Robinson Cano stayed on the field for nearly an hour after one of the Yankees' recent off-day workouts, and the Yankees' second baseman behaved as if he were having as much fun taking extra swings in front of 50,000 empty seats as he does during a real game.
As Kevin Long did his best impersonation of a fast-pitch softball league pitcher by firing underhanded fastballs from 40 feet, Cano smiled, laughed and shouted messages in Spanish as he methodically deposited the hitting coach's offerings in the rightfield seats.
Latest Yankees stories
"Somebody once said to me that he's always laughing," said former Yankees coach Larry Bowa, who took a special interest in Cano. "I said you would laugh, too, if the ball looked like a beach ball coming in every time you hit. I'm sure that's what it looks like for him."
Talent has never been a question with Cano. You see his natural gifts with every smooth swing. Heck, Joe Torre compared Cano to Hall of Famer Rod Carew - "with a little more pop." And that was before Cano had played his first major-league game.
The 'L' word
The big question with Cano always has been his work ethic. In the minors, he had a reputation of being lazy, and once you get that label, it's a hard one to shake. It's stuck with him, to some degree, ever since.
Yet with Cano coming off his most prolific all-around season as the Yankees begin the ALCS against the Rangers, people close to him say it's long overdue to stop using the "L" word in reference to Cano. What he's accomplished this season in becoming the Yankees' most consistent offensive player, they say, is evidence of the hard work he's put in daily for some time.
"I think if you talk to most people in the game now, they don't see that Cano that was immature and lazy at times," Long said. "He works hard. Work isn't an issue with him."
Take, for example, the after-workout session with Long just the other day. It certainly wasn't peer pressure that made Cano stick around for extra work. After all, the other two players who stayed for additional hitting on this day were backups Francisco Cervelli and Ramiro Peña.
The reason Cano still is working overtime, he said, is because he enjoys it. He's having more success than he's ever had in the majors, and it's a high he wants to ride as long as he can.
Taking the fifth
Moved to fifth in the batting order this season, Cano established career highs in home runs (29), RBIs (109), total bases (334), on-base percentage (.381) and slugging percentage (.534). He also made only three errors at second base, nine fewer than he committed in 2009.
"I believe he's the MVP of our league," manager Joe Girardi said. "Just because, if you combine his offense and I believe Gold Glove defense and how he impacts the game defensively, I think he's had the best all-around year."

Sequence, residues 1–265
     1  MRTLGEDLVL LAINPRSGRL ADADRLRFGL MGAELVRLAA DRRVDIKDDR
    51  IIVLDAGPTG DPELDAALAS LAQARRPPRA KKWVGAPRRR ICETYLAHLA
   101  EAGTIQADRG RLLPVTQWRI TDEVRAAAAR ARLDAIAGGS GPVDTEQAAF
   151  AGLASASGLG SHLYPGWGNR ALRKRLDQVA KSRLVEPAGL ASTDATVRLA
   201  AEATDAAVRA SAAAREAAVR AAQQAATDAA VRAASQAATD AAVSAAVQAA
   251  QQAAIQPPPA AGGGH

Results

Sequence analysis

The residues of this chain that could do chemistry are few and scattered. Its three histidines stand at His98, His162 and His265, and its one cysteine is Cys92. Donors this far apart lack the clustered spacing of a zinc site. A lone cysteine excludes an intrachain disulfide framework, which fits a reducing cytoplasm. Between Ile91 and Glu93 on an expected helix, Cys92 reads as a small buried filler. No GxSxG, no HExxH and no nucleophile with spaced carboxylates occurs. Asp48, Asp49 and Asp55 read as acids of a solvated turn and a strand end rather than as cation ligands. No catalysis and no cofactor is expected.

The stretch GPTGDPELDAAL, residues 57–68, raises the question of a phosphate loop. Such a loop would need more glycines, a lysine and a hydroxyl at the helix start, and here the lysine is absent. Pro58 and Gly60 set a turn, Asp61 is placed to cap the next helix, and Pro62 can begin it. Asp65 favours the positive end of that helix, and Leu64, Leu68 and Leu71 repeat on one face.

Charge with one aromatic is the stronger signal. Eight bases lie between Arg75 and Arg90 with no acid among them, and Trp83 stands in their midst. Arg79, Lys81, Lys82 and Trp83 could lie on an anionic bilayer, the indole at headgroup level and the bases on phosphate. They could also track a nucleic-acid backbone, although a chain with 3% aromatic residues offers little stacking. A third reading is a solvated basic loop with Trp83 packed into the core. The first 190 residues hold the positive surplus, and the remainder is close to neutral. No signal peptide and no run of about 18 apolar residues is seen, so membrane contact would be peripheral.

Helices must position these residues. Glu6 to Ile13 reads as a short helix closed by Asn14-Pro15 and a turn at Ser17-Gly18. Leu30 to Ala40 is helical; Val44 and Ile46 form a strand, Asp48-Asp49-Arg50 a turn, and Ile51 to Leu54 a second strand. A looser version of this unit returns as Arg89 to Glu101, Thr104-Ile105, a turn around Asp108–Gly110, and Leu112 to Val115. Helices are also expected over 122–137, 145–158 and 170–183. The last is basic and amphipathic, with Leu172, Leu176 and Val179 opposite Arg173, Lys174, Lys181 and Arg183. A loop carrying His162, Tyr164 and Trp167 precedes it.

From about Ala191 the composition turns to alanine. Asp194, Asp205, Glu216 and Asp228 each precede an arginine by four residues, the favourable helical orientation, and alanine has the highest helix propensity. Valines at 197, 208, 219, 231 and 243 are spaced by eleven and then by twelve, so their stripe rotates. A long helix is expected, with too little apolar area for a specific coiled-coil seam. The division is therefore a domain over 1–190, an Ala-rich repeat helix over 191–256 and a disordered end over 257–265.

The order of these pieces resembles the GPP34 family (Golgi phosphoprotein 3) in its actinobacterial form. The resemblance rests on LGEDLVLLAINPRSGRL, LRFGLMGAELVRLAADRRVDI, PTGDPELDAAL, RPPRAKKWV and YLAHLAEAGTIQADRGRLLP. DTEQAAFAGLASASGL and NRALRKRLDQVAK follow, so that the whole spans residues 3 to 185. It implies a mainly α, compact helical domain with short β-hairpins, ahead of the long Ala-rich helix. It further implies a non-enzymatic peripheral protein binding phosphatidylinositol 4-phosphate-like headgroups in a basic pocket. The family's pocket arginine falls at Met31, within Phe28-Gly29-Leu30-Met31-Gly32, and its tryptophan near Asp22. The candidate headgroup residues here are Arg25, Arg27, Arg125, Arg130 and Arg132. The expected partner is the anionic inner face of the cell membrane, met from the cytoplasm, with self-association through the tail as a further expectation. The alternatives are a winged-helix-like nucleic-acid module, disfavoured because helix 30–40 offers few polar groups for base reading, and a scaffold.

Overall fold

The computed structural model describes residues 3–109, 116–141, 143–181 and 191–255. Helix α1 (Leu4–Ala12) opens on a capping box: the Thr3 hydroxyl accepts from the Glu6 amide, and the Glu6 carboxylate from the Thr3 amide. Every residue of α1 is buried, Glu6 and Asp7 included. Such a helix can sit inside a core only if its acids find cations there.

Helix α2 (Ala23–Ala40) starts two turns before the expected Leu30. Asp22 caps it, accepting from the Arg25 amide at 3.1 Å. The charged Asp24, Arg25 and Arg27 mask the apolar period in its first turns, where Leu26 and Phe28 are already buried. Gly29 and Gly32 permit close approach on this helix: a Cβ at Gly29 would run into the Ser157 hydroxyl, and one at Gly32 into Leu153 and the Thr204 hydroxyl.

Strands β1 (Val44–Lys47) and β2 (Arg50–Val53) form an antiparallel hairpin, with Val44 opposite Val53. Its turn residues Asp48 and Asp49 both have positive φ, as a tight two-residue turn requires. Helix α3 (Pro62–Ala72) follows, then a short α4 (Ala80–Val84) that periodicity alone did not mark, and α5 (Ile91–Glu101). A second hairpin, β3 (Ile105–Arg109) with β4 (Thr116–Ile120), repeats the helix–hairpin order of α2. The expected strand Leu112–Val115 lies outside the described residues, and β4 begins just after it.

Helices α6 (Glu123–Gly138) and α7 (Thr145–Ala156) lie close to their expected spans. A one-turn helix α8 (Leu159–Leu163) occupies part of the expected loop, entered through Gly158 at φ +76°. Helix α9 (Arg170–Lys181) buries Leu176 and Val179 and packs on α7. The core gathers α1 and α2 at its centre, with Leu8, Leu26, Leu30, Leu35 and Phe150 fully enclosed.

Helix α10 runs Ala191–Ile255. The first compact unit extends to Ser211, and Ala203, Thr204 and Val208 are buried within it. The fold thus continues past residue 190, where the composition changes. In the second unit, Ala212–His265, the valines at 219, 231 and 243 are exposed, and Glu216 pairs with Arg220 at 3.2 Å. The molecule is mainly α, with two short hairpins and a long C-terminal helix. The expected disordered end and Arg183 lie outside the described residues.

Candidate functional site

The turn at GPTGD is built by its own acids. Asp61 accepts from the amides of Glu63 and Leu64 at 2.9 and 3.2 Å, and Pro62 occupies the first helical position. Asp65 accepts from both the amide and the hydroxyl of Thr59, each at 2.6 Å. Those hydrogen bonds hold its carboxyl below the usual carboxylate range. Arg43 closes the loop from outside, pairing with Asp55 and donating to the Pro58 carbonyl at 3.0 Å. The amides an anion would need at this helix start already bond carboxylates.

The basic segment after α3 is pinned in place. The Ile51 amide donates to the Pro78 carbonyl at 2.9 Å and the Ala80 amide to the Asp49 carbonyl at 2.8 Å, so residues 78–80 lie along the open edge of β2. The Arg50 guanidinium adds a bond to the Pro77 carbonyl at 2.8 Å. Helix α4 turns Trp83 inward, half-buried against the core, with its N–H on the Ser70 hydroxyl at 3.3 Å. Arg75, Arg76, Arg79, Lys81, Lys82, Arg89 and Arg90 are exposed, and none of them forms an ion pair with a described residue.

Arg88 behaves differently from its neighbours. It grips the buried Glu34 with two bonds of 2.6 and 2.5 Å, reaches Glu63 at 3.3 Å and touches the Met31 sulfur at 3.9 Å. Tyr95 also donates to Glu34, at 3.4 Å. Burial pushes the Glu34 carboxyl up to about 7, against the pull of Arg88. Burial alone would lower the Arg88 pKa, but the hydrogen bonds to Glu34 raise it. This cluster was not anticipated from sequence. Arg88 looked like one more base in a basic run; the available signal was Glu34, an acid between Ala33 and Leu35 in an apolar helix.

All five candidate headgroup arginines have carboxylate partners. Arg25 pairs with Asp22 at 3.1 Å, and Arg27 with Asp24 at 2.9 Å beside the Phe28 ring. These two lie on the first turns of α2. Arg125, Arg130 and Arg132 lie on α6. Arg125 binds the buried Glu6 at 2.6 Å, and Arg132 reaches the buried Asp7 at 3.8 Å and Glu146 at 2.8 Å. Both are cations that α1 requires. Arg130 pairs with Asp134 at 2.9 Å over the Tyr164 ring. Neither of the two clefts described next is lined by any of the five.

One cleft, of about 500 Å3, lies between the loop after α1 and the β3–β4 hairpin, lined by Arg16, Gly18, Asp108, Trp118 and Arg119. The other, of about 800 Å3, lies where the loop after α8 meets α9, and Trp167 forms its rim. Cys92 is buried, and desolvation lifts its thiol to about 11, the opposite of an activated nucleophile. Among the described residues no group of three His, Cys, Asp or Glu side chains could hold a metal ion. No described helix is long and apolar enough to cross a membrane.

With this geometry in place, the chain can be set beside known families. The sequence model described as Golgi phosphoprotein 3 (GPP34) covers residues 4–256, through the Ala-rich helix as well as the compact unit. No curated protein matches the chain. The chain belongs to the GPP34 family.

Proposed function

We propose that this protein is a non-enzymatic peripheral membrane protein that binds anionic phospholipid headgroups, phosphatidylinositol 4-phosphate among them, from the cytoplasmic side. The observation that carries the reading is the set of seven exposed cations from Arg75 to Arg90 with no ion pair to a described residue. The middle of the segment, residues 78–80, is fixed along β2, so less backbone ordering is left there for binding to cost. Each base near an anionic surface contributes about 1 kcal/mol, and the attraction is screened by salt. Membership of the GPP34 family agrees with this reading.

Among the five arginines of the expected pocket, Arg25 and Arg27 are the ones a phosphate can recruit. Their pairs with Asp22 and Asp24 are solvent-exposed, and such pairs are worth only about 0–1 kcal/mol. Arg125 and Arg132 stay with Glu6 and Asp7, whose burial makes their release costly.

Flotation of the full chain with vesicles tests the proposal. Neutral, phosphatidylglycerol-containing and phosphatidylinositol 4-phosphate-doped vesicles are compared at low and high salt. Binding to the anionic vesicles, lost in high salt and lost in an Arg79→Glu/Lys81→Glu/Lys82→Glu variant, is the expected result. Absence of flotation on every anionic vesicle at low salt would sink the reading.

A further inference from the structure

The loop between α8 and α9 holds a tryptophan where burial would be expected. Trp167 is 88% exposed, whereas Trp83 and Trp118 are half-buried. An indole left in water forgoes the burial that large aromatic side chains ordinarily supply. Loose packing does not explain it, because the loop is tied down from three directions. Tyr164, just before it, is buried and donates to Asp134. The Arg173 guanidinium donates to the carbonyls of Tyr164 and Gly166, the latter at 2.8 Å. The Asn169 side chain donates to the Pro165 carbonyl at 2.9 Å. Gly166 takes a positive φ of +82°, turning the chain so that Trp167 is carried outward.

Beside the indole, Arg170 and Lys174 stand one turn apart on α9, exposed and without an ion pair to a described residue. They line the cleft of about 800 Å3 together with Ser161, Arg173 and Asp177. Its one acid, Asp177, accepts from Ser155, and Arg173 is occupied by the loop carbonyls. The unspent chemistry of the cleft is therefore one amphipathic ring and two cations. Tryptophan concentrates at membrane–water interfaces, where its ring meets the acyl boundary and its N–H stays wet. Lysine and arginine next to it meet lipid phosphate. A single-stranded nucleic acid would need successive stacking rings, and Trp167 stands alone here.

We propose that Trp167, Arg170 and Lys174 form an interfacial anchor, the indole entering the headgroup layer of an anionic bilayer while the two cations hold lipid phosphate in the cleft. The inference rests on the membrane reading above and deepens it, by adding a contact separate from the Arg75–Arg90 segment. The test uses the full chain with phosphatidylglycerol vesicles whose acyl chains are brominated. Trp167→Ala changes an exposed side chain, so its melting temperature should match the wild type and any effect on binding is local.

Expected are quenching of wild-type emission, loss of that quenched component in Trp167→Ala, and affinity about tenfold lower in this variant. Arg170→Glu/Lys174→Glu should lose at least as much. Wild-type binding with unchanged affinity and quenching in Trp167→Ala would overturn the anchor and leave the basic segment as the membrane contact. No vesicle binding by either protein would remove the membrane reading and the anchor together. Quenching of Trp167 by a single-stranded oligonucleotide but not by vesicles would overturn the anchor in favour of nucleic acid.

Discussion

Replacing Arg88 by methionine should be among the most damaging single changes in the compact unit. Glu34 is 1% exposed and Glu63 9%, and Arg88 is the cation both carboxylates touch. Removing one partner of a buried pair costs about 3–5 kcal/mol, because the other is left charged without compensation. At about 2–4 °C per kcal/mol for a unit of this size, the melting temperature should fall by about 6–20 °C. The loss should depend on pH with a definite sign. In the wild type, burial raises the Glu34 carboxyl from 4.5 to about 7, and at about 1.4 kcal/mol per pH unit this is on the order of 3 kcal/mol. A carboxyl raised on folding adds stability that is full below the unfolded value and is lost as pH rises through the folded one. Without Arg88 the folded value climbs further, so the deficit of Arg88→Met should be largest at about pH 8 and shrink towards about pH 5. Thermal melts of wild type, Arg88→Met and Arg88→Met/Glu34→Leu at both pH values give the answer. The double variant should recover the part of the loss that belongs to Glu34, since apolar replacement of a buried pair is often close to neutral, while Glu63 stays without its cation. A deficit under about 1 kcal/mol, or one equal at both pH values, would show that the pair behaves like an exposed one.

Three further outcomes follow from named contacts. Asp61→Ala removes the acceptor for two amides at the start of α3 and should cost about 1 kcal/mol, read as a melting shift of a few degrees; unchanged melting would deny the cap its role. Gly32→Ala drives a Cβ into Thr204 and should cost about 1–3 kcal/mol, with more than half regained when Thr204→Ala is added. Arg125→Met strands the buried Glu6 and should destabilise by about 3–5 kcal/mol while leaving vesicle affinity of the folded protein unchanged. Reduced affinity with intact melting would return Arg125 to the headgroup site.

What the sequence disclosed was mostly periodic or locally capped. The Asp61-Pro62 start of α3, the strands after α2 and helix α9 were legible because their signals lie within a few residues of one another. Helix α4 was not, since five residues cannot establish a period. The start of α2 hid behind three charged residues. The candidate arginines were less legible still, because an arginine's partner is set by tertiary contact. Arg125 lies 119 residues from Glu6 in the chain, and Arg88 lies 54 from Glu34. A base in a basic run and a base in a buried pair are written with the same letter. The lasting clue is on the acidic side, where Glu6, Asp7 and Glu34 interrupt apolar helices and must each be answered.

For Cano, it's been one interesting path to get to this point.
Long remembers first working with Cano when they were together at Triple-A Columbus in 2004. He was impressed with Cano's talent but also realized there was a lot of work to be done.
"He had a long way to go makeup-wise,'' Long said. "Physically he wasn't where he needed to be and mentally he wasn't where he needed to be."
When Bowa joined the Yankees' coaching staff in 2006, he made Cano his pet project. There's nothing Bowa hates more than wasted talent, so Bowa had Cano on the field at 8 every morning - more than an hour before everyone else - and put him through fielding drills.
"At first it was a little tough," Bowa said. "But you could just see the maturation process taking place. It got to the point where he would come and get me and say, 'Let's go, let's go.' "
Whether it's been avoiding another slow start, becoming a more patient hitter or keeping his concentration in the field, Cano has taken the time to kill each of those labels, one by one.
This season he focused on being better with runners in scoring position, and once again Cano succeeded. A year after hitting .207 (38-for-184) in those situations, Cano improved to .322 (55-for-171).
Now he'd like to improve in the postseason, especially after hitting .193 (11-for-57) overall last year.
He's off to a good start, going 4-for-12 with a triple in the sweep of the Twins, crediting his "just another game'' approach. "I don't want to put any pressure on my mind," he said.
This is the Cano the Yankees would like people to get to know better, the guy whose work ethic is not an impediment but rather one of the reasons he's become one of the game's best players.
Said Cano, "I've learned to take advantage of my mistakes, and to say, 'I can learn from this.' "